Alright, with all the unsettling hubbub that’s going on around us at the moment, it’s getting harder and harder to stay relaxed and calm 24/7. Of course, if we take a couple of moments to actually settle down and listen, the foodie-part within us, may have something to say that might just save the day.
Communing with my tummy this way while staring out at the signs of mother nature waking up in the bright and warming sunshine was what conjured up this long forgotten representative of the “True Comfort Food” category. It seems my tummy decided to cherry-pick for the occasion: hot weather-appropriate ingredients turned into a heart-and-(most importantly) soul-warming, cold weather-appropriate curry.
I reverse-engineered this one way back, after a particularly enlightening encounter with a similar dish at a Malay Street Food Stall on a harvest festival in town – If memory serves me right, the original was a Peranakan Pineapple Prawn Curry, but I have to admit that, since the stall in question never made an appearance on that festivals in the years after, I was never able to confirm that fact, let alone ask for a real recipe. So, in the hopes that my delicious little, slightly Frankenstein’y curry won’t ruffle any “authentic cuisine” feathers and instead will spread a couple of satisfied smiles and edible sunshine, here goes~! Pineapple Prawn & Chicken Curry for 4 servings!
Oh and, just on a side-note, in case you’ve stocked your pantry and freezer with a couple of Asian staples like curry pastes, spices and such next to the tin of pineapples most people have hidden in some shelf or another, you might only need to go out for/order some chicken and prawns if they’re not readily sitting in your freezer anyways.
The Chicken and The Prawns
Of course, you can stick to either one of them in case the other doesn’t float your boat, but in case you go with prawns alone, make sure you stock up to 700-750g. Another alternative would be using left-over roasted chicken or cooked/poached chicken breast.
150g King or Black Tiger Prawns, shelled, cleaned and prepped ready-to-use
500g Chicken Thigh, deboned but the skin kept on
3-4 Drops of Sesame Oil
1 Tsp Sea Salt
1 Tbsp Peanut Oil or Ghee
½ Tsp Turmeric
1 Tbsp Sriracha
1 generous Tsp Honey
1) Ok, pre-prep time. Place a large, heavy-based pan on medium-high heat.
2) Generously sprinkle the surface with sea salt and place the chicken pieces inside , skin-side down, while the pan is still cold.
3) Once the first sounds of sizzling chicken reach your ears, drop the ghee or oil into the center and leave it to its own devices for about 7-10 mins.
4) Allow the skin to crisp up nicely – once you’re satisfied with the color and texture of the skin, transfer the pieces out of the pan onto a layer of paper towels – again, skin-side facing down.
5) Pick up a small bowls and stir the sesame oil, salt, turmeric, sriracha and honey into a thick paste.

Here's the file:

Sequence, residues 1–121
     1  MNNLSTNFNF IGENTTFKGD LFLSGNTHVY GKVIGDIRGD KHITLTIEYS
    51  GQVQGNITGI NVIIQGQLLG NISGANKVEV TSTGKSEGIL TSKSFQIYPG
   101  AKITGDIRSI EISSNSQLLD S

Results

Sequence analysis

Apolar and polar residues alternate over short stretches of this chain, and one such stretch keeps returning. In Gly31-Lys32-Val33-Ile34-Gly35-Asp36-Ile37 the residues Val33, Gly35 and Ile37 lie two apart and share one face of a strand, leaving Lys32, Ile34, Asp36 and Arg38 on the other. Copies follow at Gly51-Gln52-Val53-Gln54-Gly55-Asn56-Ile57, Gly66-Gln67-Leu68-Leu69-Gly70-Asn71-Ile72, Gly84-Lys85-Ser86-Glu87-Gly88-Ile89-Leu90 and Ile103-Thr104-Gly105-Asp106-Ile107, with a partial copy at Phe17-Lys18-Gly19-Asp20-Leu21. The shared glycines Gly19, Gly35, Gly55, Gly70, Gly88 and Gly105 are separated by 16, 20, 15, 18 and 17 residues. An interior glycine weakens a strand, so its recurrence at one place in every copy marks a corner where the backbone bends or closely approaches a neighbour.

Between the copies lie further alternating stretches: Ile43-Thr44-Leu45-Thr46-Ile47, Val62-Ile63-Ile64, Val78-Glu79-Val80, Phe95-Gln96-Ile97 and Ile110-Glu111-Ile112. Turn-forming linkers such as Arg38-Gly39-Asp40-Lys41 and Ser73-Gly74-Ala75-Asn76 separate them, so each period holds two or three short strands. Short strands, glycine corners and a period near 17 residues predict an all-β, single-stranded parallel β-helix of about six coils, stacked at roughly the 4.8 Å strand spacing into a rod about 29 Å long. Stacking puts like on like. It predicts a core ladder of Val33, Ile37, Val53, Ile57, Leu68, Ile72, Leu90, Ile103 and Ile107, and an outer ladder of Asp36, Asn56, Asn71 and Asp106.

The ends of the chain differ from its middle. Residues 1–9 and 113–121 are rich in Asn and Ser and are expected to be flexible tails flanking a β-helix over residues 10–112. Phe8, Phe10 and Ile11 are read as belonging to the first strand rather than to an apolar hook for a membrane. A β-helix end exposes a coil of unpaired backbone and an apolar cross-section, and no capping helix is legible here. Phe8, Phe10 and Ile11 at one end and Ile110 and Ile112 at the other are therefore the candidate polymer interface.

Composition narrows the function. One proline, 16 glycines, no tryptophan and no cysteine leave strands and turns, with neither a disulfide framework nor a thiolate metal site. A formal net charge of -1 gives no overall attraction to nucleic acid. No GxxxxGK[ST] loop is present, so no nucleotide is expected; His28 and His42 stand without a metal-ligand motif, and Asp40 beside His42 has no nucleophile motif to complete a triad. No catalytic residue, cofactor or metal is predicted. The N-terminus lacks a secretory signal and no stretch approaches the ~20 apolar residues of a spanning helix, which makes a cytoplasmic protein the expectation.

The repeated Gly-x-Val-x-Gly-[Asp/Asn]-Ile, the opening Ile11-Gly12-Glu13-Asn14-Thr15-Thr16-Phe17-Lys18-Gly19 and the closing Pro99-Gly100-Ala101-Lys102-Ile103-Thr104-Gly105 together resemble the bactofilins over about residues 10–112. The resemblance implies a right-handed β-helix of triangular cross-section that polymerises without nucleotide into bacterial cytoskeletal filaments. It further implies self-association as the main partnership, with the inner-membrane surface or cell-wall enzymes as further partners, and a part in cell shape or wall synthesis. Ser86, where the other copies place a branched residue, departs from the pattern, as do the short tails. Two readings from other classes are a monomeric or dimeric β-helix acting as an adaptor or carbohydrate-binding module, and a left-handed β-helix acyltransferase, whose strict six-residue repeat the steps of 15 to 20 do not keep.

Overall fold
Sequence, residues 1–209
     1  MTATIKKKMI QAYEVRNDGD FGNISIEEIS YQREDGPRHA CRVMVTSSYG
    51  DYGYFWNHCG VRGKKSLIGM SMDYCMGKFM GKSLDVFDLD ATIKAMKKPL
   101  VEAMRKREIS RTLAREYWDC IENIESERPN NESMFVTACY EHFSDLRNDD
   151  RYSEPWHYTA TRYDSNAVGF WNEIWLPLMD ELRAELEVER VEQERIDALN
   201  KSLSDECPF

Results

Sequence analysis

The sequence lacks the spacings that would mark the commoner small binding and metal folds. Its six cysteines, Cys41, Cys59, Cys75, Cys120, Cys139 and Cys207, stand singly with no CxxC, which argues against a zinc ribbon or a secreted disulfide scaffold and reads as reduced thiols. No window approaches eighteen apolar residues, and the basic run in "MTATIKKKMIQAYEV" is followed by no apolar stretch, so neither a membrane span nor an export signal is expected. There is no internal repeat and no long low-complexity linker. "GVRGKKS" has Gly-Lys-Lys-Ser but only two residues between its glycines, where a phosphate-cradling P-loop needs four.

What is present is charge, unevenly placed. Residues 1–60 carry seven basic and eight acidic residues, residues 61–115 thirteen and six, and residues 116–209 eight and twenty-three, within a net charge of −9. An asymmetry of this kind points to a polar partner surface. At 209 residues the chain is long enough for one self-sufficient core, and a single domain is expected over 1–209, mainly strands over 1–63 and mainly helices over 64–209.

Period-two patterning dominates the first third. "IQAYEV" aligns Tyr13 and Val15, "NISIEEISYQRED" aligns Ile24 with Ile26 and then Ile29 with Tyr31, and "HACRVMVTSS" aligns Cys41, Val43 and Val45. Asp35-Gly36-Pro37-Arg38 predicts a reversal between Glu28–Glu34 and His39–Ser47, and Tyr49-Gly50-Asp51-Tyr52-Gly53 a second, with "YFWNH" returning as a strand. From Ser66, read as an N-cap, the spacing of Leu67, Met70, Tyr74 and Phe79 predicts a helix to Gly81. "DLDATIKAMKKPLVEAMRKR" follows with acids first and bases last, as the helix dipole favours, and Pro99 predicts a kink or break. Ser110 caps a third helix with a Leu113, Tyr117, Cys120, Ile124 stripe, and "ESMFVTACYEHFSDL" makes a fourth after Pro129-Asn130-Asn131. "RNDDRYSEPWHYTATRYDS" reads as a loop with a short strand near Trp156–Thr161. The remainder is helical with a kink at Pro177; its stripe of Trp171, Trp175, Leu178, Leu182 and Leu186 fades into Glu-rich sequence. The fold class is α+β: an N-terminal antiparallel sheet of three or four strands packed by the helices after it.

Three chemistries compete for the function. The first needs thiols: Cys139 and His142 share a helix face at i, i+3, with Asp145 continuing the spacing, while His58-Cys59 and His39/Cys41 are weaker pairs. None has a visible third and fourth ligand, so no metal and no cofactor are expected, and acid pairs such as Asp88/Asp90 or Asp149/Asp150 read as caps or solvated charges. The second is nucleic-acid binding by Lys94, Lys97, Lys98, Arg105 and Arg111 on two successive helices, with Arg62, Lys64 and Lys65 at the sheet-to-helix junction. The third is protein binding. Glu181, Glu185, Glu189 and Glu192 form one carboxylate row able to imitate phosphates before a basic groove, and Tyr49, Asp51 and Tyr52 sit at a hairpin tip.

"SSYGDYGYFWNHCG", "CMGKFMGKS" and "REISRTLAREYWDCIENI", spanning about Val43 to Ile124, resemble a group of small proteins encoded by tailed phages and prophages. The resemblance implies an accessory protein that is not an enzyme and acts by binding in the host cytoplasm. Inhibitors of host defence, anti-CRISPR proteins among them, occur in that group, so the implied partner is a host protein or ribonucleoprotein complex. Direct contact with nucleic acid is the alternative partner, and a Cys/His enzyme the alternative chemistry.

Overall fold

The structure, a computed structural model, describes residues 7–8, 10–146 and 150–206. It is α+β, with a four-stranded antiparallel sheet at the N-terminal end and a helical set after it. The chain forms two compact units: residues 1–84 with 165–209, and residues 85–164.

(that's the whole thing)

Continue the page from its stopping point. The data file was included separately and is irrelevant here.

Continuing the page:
6) Brush the chicken pieces and the prawns with this marinade and set the lot aside for the time being.
The Spice Paste
50g Pandang Curry Paste
1 Tbsp Yellow Curry Paste
1 Small Red Onion
2 Cloves of Garlic
1 Tbsp Turmeric Root, roughly chopped
Alt: 1 Tbsp Powdered Turmeric
1 Tsp Sea Salt
3 Stalks of Lemongrass
1 Lime, Zest and Juice
2 Tbsp Soarkling Water
50g Cashew Nuts
Opt: 1 Tbsp Goji Berries
Add everything to a food processor and whizz it into a thick paste.
The Pineapple Curry
1 fresh Pineapple, skinned. Cored, cubed – catch its juices as u go and add them as well
Alt: 500 – 600g Tinned Pineapples, preserved in their own juice and 100 – 150ml of the juice
200ml Coconut Milk
1 Tsp Tamarind Paste
½ Tbsp Palm Sugar
3-5 Kaffir Lime Leaves – make sure you count them off to make hunting them down later easier
1 Tbsp Coconut Oil
The Spice Paste
1 small Bunch of Coriander, leaves picked
A side of Rice, Shirataki Noodles or Chickpeas
1) Add the coconut oil to a large pot and sauté the spice paste until its intense aroma starts wafting up to you.
2) Stir in the coconut milk and pineapple juice and allow the liquids to simmer away for 2 – 5 mins.
3) Sprinkle in the sugar and, after adding the tamarind paste, stir the lot until the sugar has dissolved completely.
4) Slice your chicken into bite-sized pieces and have a close look at it – its current grade of done-ness will determine the time it’ll get in the hot curry.
5) Carefully fold the pieces into the curry and keep them in there until you’re happy with the chicken’s consistency and temperature.
6) Hunt down and discard the kaffir lime leaves while you’re at it.
7) Add the prawns and give them just enough time to heat through.
8) Finally, take the lot off the stove and fold in the coriander leaves.
9) Prep your curry bowls with a bed of the side you’ve picked and distribute the curry on top.
10) Grab a spoon, take a deep breath and…